While it may not have any real bearing on the main storyline, this subplot has been a long time coming. Throughout the first season, we were given the briefest of hints as to the trouble in Bosworth’s home life, including him sleeping in the office and, later, the presence of divorce papers. Last week, of course, featured his confessional prison letter to Cameron where he bemoans the damage he’s done to his family. This installment effectively gives faces and names to these conflicts, thus coloring in Bosworth’s background and all he has lost. In a series filled to the brim with technical jargon, plotlines such as these help highlight the inherent human drama that pushes the story forward.
In this way, Bosworth finds himself in a similar position to Joe, who is also trying to rebuild his life, albeit at a much more accelerated rate. Throughout the course of the episode, Joe is dealing with a moral quandary. Having presented an idea to Jacob Wheeler about collapsing data entry with analytics in order to avoid leaking data, Wheeler gives him permissions to fire his colleagues and establish his own department from the ground up. Whereas Season One Joe would have had no concern for the feelings of others, the new, more enlightened Joe can’t quite bring himself to subjugate others’ livelihood for the sake of his own, especially because Gene is such an adorably clueless figure (he collects vintage percussion for God’s sake). And so, being the wannabe visionary he is, Joe develops another idea that apparently involves getting more mileage out of the office computers.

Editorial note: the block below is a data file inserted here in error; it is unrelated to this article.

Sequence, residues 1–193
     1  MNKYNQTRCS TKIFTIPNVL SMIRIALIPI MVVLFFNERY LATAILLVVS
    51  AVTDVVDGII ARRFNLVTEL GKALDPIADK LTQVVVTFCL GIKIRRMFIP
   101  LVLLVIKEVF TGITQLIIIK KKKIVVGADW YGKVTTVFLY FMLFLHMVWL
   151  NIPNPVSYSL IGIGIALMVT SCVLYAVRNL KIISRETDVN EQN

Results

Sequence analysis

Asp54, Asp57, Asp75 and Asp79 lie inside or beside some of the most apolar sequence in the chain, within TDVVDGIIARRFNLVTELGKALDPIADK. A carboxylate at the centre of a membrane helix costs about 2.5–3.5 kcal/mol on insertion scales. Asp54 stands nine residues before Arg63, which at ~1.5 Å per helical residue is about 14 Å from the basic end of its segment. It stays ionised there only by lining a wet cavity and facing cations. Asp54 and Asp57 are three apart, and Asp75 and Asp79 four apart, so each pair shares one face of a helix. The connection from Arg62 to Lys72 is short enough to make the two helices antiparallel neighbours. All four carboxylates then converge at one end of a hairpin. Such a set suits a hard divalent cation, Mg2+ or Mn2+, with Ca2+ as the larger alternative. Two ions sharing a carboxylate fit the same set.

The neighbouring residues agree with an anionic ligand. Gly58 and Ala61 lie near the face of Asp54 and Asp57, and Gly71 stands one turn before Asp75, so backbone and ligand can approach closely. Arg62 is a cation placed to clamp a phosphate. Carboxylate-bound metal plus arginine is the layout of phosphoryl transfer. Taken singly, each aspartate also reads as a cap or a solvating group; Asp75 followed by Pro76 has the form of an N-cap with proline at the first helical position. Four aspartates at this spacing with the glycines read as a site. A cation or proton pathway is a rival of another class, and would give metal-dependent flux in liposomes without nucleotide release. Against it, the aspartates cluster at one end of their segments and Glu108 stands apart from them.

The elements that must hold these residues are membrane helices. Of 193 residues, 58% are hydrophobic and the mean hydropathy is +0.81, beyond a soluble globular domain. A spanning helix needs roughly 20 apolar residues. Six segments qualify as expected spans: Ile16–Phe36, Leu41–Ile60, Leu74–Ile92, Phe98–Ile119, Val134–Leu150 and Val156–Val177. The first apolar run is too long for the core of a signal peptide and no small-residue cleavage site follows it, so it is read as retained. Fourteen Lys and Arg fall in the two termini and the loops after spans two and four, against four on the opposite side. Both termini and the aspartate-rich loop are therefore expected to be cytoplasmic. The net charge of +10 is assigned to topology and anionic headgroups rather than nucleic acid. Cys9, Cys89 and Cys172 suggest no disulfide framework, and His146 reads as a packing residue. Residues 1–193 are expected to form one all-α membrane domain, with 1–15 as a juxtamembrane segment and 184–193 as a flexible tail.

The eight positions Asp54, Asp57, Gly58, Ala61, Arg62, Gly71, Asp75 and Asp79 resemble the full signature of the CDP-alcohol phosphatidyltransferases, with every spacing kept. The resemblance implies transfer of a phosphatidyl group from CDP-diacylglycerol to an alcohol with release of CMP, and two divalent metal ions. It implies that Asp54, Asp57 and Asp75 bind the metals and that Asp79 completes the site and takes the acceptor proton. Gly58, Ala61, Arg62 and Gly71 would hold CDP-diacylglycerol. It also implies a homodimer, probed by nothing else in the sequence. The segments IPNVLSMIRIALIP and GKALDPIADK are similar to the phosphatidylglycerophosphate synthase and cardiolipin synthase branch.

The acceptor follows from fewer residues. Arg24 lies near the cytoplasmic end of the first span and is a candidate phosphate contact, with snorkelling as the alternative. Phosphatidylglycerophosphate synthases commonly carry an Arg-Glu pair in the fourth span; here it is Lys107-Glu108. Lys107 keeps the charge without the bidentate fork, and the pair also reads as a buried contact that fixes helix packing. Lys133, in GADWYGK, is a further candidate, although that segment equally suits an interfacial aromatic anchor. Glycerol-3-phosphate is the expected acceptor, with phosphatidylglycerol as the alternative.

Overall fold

With “The Way In,” Halt goes a long way towards crystallizing its arcs for the season. No doubt Joe and Gordon’s reconnection at the dinner party will lead to them reuniting on whatever crazy new idea Joe has for the data entry computers. Meanwhile, Donna is now placed in the unenviable position where she is being pulled between an unstable business venture and an equally unstable spouse. Given that we know how history will shake out, Halt & Catch Fire is not a show that’s going to majorly pull the rug out from under its audience, but the drama lies in how these characters’ dreams will inevitably come into conflict with the tide of known history. Certainly, now that the characters are pursuing smaller, more niche pursuits there’s more of a capacity for surprise, which makes for an exciting path.
Plus, any episode that features both songs by 10CC and Johnny Cash is worth celebrating.
Mark Rozeman is a Los Angeles-based freelance writer and regular contributor to Paste. You can follow him on Twitter.